“There are very few African American men in this country, who haven’t had the experience of being followed when they were shopping in the department store.
That happened to me!”
With Barak Obama’s speech following the shooting of Trayvon Martin as a starting point, the book winds back to the arrival of the first Africans in America in 1619, on the shore of Virginia and proceeds from there. Initially, these Africans were not legally slaves but were considered servants who would be freed after years of service. That changed during the 17th century and slavery as an institution began to take shape.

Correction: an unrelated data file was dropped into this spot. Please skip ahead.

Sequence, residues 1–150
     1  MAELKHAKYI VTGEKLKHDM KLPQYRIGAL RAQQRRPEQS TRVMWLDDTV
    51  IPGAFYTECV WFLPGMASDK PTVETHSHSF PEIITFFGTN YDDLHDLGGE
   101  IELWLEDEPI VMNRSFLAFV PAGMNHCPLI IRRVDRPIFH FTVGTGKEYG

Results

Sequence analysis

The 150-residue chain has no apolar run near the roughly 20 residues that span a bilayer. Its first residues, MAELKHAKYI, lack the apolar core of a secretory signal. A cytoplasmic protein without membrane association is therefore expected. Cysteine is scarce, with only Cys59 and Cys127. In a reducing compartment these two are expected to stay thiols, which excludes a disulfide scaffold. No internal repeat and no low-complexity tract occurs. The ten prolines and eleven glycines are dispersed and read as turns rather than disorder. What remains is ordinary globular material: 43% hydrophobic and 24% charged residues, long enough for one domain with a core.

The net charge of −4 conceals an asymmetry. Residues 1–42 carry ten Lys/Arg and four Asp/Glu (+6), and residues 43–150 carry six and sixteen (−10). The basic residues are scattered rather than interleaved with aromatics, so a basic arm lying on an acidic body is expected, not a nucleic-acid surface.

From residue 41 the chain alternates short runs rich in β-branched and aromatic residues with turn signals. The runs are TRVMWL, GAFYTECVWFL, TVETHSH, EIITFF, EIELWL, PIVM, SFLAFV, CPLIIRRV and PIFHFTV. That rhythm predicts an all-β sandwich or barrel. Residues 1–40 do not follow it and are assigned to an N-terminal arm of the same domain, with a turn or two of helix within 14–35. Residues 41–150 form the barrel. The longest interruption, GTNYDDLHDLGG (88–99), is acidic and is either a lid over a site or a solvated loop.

The book is designed in such a way that it can be used at several educational levels in English and History classes in upper secondary or high school, as well as further education colleges and adult education centres, or in interdisciplinary courses.
In the course of the book an understanding of how slavery in the United States evolved from 1700 until the abolition of slavery in 1865 will be gained. With film, pictures, poems and speeches, the reader gets a picture of what it meant to live as a slave in the United States in the 1700’s and 1800’s and the effect this chapter in American history has had for black people in the United States right up to the present day. In the book, the reader is presented with tasks to be solved with digital products such as writing an article that describes a slave auction, tweeting about the 1968 Olympics medal presentation ceremony “Black Power Salute” and much more.